Temperatures in cities are amplified through the urban heat island effect by anthropogenic heat emissions into microclimates. The trapping of solar energy in urban canyons plays the most significant role. Our analysis, however, considers how urban air conditioning systems influence their local microclimate. Using models and simple observations we demonstrate how the heat rejected from these machines creates a direct feedback on the machine performance. Thermodynamically, the temperature of the environment directly controls the efficiency of the common refrigeration cycle found in air conditioning systems via the second law. A city, with its complex topography of urban canyons and skyscrapers, produces small microclimates with varying temperatures. This project investigates three urban settings that create microclimates that are detrimental for the efficiency of cooling in New York. First, the overall urban heat island effect, second the effect of roof temperature on rooftop package air conditioning units, and third the impact of local heat emission from agglomerations of window air conditioners. The efficiency loss is investigated by considering the range of temperature changes that can be observed in the surrounding environment of air conditioning systems, and determining the subsequent impact on the Coefficient of Performance (COP). Our COP analyses indicate a range of potential energy increases of around 7%–47% due to increases in environmental temperature around air conditioners. An analysis of the building stock of New York City showed that the annual electrical energy demand is potentially increased by these effects by nearly 10 PJ (3000 GWh) combined, which is more than 10% of the total cooling demand for the city.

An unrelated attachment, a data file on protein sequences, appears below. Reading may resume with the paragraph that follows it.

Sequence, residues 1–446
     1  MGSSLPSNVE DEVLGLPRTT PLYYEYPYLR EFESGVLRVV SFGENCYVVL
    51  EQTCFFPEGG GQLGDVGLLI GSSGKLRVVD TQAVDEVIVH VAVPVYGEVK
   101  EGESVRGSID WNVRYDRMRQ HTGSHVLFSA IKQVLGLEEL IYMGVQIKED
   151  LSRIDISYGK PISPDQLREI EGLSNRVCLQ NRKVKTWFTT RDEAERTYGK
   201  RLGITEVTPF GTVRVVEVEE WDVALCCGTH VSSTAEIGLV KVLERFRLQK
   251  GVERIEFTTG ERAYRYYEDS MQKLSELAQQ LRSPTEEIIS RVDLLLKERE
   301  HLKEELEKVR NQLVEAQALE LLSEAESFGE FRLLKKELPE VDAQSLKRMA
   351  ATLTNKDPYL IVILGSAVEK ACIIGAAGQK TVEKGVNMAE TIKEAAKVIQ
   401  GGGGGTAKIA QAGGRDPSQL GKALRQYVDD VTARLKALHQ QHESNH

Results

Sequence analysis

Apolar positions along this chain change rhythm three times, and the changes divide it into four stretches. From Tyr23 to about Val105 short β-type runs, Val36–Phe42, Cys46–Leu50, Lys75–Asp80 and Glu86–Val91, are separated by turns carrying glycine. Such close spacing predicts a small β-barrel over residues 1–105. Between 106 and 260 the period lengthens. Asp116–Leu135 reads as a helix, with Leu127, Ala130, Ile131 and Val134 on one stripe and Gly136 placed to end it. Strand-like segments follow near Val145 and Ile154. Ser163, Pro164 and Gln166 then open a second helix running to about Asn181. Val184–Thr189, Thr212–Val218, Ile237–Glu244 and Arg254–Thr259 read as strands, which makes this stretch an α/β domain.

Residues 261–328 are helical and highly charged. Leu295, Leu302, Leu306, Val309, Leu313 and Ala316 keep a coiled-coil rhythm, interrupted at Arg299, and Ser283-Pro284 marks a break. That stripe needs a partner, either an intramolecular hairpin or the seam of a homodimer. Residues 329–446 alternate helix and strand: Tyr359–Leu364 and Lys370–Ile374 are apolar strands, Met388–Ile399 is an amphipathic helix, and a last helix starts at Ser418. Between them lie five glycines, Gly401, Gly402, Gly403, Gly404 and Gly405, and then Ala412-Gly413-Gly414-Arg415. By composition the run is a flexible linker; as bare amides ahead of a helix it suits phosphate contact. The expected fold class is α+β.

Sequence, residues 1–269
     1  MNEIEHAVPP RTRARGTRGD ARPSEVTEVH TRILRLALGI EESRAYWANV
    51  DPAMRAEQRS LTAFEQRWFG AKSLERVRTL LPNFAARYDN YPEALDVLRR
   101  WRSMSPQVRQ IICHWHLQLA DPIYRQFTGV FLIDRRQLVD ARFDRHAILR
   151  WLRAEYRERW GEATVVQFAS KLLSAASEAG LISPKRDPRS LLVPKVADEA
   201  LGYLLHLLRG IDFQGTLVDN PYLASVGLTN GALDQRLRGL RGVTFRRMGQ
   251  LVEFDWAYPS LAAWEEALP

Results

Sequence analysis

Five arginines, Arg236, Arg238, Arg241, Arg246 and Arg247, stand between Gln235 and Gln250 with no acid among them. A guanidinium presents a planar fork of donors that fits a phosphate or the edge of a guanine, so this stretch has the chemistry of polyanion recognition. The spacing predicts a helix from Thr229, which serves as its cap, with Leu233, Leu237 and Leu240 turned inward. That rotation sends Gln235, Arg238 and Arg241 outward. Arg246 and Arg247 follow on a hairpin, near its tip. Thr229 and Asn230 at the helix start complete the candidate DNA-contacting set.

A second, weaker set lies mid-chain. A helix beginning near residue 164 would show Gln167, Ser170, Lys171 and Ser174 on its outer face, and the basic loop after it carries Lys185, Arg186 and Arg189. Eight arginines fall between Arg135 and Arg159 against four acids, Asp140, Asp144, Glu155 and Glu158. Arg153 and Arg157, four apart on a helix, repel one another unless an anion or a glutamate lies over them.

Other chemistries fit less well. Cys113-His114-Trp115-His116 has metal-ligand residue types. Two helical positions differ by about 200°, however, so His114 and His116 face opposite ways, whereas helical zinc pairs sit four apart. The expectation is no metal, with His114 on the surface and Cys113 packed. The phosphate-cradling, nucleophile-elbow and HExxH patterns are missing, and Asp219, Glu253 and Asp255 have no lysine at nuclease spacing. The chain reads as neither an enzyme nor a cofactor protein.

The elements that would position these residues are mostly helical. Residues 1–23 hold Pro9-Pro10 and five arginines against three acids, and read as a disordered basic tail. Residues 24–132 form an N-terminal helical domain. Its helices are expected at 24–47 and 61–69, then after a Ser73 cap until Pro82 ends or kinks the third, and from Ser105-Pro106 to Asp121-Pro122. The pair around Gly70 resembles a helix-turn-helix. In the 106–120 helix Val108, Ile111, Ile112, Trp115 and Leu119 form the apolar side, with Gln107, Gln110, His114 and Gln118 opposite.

All Science Journal Classification (ASJC) codes
- Geography, Planning and Development
- Civil and Structural Engineering
- Renewable Energy, Sustainability and the Environment
- Air conditioning
- Energy efficiency